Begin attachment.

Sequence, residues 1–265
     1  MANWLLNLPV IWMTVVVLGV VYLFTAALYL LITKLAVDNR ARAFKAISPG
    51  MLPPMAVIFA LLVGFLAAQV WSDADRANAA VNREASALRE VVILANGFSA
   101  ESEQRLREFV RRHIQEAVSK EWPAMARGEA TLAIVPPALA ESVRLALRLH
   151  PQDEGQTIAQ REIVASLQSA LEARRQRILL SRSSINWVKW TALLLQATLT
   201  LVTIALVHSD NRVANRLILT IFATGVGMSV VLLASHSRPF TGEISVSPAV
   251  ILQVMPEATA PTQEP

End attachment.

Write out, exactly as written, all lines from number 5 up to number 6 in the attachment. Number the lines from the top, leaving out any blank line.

   151  PQDEGQTIAQ REIVASLQSA LEARRQRILL SRSSINWVKW TALLLQATLT
   201  LVTIALVHSD NRVANRLILT IFATGVGMSV VLLASHSRPF TGEISVSPAV